One wild shaving horseor MaFe’s version of the beast at least… This is not a tutorial, just me playing arround. Ok I know it, I have a problem with words, yes words, not horses – and even the fact I am retired not ten wild shaving horses can keep me of the wood… I’ll stop now! Not the wood the words I mean. The shaving horse:For years I have been looking at this fascinating work horse, at the internet and at museums all over Denmark and on travels, it se...
One wild shaving horseand the show must go on… This is part two of the shaving horse blog. So here we are!The horse is tamed.In this post I will show you the possibilities and the details. A row of holes makes it an excellent little on site workbench with a vintage French hold fast.Notice an elf has left a book on the little table… Chiseling. And a wonderful saw horse.For long boards you can remove the slope. Side view of the horse with a piece of wood ready to s...
One wild shaving horseMuseum tour just for the inspiration… This is part three of the shaving horse blog. Today my daughter and I took a little tour to a town in Denmark called Roskilde.In roskilde we have this beautiful church, where all our kings and queens are burried. But also a wonderful little tool museum http://www.roskildemuseum.dk/Default.aspx?ID=113 .The tools here are donated to the museeum by a private persons collection.And it is from here I took the picture of the...
Well, I promised pictures last time, and I have some..I started on the spring pole lathe, which is my big project for this summer/fall, and I decided after much goings on to not make a treadle lathe, meaning in this case continuous motion, but a traditional spring pole lathe, where the piece rotates once or more (hopefully many more) times, then back again. Why? I was inspired by a couple things, like poverty and such, but also after doing months of research into it, it’s just what appe...
I’ve been wanting a shaving bench. And since i can’t help but contemplate the design concepts behind what i’m about to build, i contemplated the fundamentals of how a shaving horse works. I thought “Great. But why not like this?” .. as an alternate mechanism for clamping a work piece in position sprang to mind. The contraption looks to me like a giraffe stretched out to drink, or the head of a giraffe, so I call it the shaving Giraffe rather than shaving Horse. W...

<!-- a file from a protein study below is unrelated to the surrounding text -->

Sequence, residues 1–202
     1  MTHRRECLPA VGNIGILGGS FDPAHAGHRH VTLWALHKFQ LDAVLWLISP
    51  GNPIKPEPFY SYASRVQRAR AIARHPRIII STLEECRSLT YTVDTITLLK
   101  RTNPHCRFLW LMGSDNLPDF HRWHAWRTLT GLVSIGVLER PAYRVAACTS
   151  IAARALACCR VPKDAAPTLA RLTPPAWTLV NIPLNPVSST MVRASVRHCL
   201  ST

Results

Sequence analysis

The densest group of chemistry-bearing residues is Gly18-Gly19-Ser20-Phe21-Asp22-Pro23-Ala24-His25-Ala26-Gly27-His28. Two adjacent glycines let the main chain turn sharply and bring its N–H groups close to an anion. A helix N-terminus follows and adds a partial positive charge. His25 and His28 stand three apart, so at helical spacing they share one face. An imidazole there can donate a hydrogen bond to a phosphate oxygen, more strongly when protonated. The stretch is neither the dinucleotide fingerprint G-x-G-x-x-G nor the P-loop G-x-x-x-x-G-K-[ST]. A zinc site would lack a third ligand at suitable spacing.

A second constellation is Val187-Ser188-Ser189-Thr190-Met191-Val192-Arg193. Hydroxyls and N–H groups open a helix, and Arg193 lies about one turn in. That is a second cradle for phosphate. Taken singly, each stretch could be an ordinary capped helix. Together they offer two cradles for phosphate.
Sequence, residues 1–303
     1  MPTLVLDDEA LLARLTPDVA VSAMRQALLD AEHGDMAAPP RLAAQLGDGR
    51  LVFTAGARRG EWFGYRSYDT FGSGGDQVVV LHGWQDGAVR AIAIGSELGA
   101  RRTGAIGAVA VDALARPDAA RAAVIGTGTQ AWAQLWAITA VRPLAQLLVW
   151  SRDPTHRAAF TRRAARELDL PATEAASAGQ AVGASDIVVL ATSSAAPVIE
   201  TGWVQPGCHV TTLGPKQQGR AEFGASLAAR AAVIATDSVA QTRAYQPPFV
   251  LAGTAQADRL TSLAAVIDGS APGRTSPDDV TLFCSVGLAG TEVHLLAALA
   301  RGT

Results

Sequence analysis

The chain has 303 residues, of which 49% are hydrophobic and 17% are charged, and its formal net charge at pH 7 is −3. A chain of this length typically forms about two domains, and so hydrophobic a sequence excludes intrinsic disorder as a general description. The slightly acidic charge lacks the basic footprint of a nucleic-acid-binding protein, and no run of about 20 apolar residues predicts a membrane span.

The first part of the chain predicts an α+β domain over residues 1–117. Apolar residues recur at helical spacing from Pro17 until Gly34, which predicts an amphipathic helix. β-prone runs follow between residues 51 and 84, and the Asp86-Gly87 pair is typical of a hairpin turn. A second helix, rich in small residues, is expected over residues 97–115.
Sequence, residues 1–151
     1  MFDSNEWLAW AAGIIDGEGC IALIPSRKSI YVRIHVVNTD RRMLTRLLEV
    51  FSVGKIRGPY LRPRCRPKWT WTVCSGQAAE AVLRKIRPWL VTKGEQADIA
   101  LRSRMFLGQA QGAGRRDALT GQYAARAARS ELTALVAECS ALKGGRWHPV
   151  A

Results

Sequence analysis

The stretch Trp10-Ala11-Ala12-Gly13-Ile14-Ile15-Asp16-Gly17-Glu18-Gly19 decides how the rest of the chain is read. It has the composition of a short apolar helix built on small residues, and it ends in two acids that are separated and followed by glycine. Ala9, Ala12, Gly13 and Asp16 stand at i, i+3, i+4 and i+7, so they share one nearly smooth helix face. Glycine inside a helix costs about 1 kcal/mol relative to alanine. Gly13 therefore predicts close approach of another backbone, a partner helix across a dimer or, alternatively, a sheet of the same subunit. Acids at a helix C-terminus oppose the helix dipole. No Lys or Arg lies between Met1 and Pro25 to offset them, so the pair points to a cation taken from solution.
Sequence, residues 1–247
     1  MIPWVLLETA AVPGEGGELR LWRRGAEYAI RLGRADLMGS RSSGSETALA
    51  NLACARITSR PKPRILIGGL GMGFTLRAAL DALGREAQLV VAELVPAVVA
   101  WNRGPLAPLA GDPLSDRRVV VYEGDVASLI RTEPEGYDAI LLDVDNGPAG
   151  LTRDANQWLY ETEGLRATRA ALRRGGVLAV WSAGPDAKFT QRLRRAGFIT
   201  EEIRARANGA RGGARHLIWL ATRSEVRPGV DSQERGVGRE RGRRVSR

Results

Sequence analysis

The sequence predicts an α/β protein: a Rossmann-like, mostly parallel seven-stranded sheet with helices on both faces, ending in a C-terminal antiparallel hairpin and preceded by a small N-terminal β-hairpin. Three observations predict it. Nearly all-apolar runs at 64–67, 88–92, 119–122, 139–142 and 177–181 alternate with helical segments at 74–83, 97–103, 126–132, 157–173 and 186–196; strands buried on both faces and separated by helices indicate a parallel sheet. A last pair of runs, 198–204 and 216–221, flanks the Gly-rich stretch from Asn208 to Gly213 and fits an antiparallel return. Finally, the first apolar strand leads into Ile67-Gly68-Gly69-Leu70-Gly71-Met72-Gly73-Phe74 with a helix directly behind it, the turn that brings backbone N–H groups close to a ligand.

I had a class canceled this week for 2 days, giving me 3 hrs to do some workshop building. This shaving horse was built from scrap 2×4s, a few 4×4 oak posts and a broom handle. Lag bolts connect the legs, and the yoke & axle of the swing arm was whittled down to the correct size and fitted with pressure/friction. I’ve never used/taught shaving horses before so this weekend and Monday will be spent in the throes of research. I’ll be putting up a build post...
By Joshua Farnsworth (Writer at WoodAndShop.com) My family and I recently visited one of my new favorite woodworking destinations: The Frontier Culture Museum in Staunton, Virginia (see the above video). We planned to stay 2 hours, but stayed 6. I loved my visit and the historical tools and furniture so much that I went back a week later to interview the head furniture makers. So I’ll be sharing several upcoming videos & photos from my two visits. Some of them will focus just on the...
Put up a post over at www.woodshopcowboy.com documenting the build of this shaving horse, as promised. I should have an idea about how she works, maybe a video, tomorrow. Hope you spin by for a look. —WW
The shaving horse is a great manual vice for holding a piece you are working on. It is a sort of bench with a foot operated “jaw”. You sit on the bench and press on the pedal to hold your piece securely, then use a draw knife or spokeshave to shape the wood. It holds the piece firmly and gives you a lot of control. It’s great for making furniture legs, tool handles, wooden spoons and anything else where a lot of wood has to be taken off with draw knives and spokeshaves.I hav...
By Joshua Farnsworth (Writer at WoodAndShop.com) This above video is a continuation of my amazing recent visit, with my family, to the Frontier Culture Museum in Staunton, Virginia. Click here to see the previous video and photos. Steven Gallagher took time to give me a tour of his mid-19th Century tool chest. I love old tools, so this was like Christmas for me! We also had a really great time talking about handle making. I was surprised to see that he uses the same method...
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